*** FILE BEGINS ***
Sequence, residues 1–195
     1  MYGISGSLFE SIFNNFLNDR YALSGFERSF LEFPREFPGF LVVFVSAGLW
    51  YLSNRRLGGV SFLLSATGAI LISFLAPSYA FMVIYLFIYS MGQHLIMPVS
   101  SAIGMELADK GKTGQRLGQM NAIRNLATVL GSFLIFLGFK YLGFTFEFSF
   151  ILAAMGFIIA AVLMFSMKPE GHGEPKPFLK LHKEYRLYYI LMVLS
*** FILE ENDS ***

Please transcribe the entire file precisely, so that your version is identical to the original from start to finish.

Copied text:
Sequence, residues 1–195
     1  MYGISGSLFE SIFNNFLNDR YALSGFERSF LEFPREFPGF LVVFVSAGLW
    51  YLSNRRLGGV SFLLSATGAI LISFLAPSYA FMVIYLFIYS MGQHLIMPVS
   101  SAIGMELADK GKTGQRLGQM NAIRNLATVL GSFLIFLGFK YLGFTFEFSF
   151  ILAAMGFIIA AVLMFSMKPE GHGEPKPFLK LHKEYRLYYI LMVLS